Glocester was near Providence, and the area had a sizable Jenks clan — including some named Stephen Jenks (also spelled Jencks), one of whom, a blacksmith, was also going bankrupt around then. Another Stephen Jenks had operated cotton mills and a munitions factory, and had also run into financial problems. The musician Stephen may have returned there because he was low on money and could find support from family members. 
By 1829, however, he apparently decided it was time for a major change. He and the family moved to the Western Reserve, a large tract of land given to Connecticut in the 1600s by King Charles II and settled largely by people from the Nutmeg State. It is now northern Ohio. Jenks and his family set up a farm in Thompson, northeast of Cleveland. 
There, besides farming, Jenks continued to compose and apparently also focused his musical
attention on making drums and tambourines. In the late 1840s he compiled a manuscript of 102 of his compositions — more than 80 of which had been written while living in Thompson. They were never published. In an odd coincidence, this manuscript was acquired after Jenks’s death by Hubert Platt Main, the Ridgefield native and hymn composer of the 19th and early 20th Century, who was also a collector of sacred music. Born in 1839, Main never knew Jenks personally. He eventually gave the manuscript to the Newberry Library in Chicago, which holds it in is vast collection.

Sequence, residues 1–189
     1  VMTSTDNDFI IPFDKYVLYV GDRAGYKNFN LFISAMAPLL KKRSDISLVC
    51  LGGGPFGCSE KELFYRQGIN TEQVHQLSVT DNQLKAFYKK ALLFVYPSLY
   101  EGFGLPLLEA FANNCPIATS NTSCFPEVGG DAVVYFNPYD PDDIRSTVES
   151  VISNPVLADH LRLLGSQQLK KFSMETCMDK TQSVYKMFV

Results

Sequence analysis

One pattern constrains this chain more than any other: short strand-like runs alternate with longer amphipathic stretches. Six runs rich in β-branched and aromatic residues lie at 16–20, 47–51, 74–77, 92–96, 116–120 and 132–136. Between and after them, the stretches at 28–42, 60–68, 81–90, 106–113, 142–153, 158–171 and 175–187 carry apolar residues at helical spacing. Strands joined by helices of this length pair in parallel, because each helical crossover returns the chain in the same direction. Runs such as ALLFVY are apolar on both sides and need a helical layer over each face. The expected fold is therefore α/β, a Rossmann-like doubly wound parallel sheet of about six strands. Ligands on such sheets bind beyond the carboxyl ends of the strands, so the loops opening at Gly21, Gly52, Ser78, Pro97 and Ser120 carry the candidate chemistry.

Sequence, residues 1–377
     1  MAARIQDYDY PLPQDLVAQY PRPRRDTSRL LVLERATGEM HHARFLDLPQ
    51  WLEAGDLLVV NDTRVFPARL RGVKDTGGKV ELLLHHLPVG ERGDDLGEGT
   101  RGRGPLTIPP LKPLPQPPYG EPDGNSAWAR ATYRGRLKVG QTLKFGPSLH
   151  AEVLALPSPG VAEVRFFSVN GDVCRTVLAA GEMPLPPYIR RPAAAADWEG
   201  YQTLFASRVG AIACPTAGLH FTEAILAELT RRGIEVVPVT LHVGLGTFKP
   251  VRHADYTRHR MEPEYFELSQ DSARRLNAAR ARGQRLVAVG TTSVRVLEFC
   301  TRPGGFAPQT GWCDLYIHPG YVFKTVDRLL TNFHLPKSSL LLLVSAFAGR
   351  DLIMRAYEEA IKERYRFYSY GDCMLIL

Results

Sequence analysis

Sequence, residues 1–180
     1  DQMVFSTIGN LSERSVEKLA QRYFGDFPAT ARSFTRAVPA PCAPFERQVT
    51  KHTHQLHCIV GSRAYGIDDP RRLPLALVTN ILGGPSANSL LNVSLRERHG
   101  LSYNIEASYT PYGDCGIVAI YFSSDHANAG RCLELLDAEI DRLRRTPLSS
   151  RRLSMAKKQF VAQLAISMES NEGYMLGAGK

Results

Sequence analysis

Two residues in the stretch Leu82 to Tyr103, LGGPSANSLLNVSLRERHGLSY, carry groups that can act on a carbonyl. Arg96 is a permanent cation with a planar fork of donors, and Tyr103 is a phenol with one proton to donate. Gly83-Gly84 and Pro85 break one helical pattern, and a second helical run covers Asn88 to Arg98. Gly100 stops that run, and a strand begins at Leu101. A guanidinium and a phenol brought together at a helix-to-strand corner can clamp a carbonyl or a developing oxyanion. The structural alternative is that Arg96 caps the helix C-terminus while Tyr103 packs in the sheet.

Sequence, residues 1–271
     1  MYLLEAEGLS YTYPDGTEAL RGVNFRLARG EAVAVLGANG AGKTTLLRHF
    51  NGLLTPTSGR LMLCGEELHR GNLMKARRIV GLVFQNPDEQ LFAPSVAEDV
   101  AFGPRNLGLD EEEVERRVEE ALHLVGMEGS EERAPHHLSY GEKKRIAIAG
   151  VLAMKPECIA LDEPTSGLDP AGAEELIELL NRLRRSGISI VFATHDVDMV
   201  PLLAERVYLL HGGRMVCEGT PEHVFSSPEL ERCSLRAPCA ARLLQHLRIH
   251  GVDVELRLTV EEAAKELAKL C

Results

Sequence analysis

Jenks died in 1856 at the age of 84. Abigail died six years later.
“Stephen Jenks’s sacred tunebooks and his many published compositions establish him as an important figure in American sacred music of the early 19th Century,” Professor Steel said. “His large manuscript tunebook shows that he continued to compose as late as 1850 and that he grappled with the changing styles of nineteenth-century hymnody. His compositions reveal the stylistic growth of a composer, trained in the eighteenth century, who attempted over many years to assimilate new developments.”